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Updated: June 2, 2010 02:11 IST

Recover lost revenue from 2G spectrum allocation: CPI(M)

Special Correspondent
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CPI (M) parliamentary party leader Sitaram Yechury
The Hindu CPI (M) parliamentary party leader Sitaram Yechury

Estimating a whopping Rs.1,90,000 crore revenue loss to the exchequer in the allocation of 2G spectrum, the Communist Party of India (Marxist) on Tuesday said the Centre should take steps to recover it, drop Telecom Minister A. Raja and suspend officials against whom the prima facie case exists.

Stating that the recent 3G auction has established the market prices of spectrum, CPI (M) Parliamentary Party leader Sitaram Yechury said the figure was calculated on three counts: the Rs.1,24,000 crore loss due to 122 licences of new entrants in 2008; Rs.36,000 crore loss due to cross-over licences permitted to CDMA operators (Dual Technology Licence); and Rs. 30,000 crore loss due to excess spectrum occupied by GSM operators beyond the 6.2 MHz.

‘Take action'

“The Prime Minister has said in Parliament that India can ill afford crony capitalism. We are now seeing a clear case of certain companies being earmarked and siphoning off money elsewhere. If the Prime Minister is sincere, he should take action,” Mr. Yechury told journalists here, while releasing a copy of the letter he wrote to Prime Minister Manmohan Singh on Monday.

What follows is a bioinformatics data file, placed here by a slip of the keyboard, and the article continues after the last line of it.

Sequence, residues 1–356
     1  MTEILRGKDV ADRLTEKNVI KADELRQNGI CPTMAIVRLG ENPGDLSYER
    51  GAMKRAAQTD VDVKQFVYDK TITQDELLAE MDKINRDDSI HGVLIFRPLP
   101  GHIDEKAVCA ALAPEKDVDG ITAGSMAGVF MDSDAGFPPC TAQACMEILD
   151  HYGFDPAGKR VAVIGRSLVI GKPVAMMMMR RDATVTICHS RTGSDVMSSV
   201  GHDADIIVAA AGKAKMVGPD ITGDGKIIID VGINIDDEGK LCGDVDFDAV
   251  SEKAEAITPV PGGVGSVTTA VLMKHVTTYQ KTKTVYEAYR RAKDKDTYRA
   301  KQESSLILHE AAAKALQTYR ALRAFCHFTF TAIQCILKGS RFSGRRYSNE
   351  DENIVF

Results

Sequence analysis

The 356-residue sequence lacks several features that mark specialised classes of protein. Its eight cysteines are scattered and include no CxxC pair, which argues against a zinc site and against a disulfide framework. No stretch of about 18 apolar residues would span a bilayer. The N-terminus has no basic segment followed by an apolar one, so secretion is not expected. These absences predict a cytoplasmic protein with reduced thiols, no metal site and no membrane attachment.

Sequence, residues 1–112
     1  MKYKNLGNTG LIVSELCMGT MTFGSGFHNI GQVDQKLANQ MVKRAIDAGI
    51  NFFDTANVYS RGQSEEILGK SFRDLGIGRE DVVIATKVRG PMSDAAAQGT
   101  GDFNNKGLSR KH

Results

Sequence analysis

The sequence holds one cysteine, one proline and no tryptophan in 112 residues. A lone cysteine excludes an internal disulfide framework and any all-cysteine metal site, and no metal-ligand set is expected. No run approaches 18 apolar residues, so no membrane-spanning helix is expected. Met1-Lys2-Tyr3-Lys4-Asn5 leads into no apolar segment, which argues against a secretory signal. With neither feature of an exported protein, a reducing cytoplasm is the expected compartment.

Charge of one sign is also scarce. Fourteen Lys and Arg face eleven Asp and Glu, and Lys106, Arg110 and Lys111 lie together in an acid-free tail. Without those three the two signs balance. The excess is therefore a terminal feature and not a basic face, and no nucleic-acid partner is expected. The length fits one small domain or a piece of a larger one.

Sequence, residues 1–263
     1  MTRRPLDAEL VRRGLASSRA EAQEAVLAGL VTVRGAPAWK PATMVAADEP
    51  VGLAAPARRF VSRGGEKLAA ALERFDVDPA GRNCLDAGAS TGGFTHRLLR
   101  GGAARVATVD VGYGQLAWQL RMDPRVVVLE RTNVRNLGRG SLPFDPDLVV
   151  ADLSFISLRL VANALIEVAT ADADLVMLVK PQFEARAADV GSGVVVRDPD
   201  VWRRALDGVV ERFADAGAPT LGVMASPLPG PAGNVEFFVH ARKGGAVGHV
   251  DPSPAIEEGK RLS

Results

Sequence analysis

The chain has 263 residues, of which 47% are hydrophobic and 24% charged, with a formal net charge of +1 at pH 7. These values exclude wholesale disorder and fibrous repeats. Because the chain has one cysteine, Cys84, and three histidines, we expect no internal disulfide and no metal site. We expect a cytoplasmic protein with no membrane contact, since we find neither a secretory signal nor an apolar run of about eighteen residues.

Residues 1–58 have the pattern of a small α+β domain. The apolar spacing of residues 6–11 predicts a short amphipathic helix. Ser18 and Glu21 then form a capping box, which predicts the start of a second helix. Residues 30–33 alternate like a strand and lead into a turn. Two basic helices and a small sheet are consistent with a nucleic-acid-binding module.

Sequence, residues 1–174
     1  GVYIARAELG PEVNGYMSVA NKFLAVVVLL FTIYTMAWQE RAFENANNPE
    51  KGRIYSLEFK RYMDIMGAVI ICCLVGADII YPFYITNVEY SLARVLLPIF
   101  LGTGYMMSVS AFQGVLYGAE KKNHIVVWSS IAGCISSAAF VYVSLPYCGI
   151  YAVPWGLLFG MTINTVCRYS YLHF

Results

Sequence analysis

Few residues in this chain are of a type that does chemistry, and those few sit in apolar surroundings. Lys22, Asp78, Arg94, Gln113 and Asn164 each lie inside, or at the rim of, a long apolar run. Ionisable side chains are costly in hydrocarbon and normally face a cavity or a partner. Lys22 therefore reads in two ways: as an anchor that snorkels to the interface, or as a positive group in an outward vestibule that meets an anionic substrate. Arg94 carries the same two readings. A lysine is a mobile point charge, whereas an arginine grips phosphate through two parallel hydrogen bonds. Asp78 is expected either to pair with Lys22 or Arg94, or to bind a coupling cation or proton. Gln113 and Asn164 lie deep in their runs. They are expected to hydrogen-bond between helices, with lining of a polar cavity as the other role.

While welcoming TRAI's (Telecom Regulatory Authority of India) opinion that GSM operators, who hold spectrum in excess of the original spectrum bundled with the licence, should be made to pay market-based prices retrospectively, as benchmarked by the 3G auction prices, Mr. Yechury said the same principle should be extended for new entrants as well as CDMA operators for the cross-over licence.

‘Weak argument'

He said the argument given by Mr. Raja — that 2G licence/spectrum was given cheap (Rs.1,650 crore for an all-India licence covering 22 circles) in order to keep prices for the consumer low — did not hold water since the Ministry illegally modified the merger and acquisitions guidelines and rollout obligations allowing for the sale of equity.

“This means that though the national exchequer did not receive the market price of 2G spectrum, the companies benefiting from the Minister's largesse conducted a sale of spectrum at the current market price, converting what should have been an open, transparent public auction. This explains why Swan and Unitech were able to get five to six times the value of the spectrum from only a part of their equity sale,” Mr. Yechury's letter said.

He alleged deliberate acts of commission by Mr. Raja, including violation of the TRAI Act, misuse of the 2003 Policy and TRAI recommendations of August 2007, and arbitrary operation of the first-come-first-served policy, which was struck down by a Delhi High Court judgement as “… a change in the rule after the game has begun.”

Asked about the DMK reaction that Mr. Raja was being targeted because he was a Dalit, Mr. Yechury said the charge was not against an individual but against the Telecom Minister.

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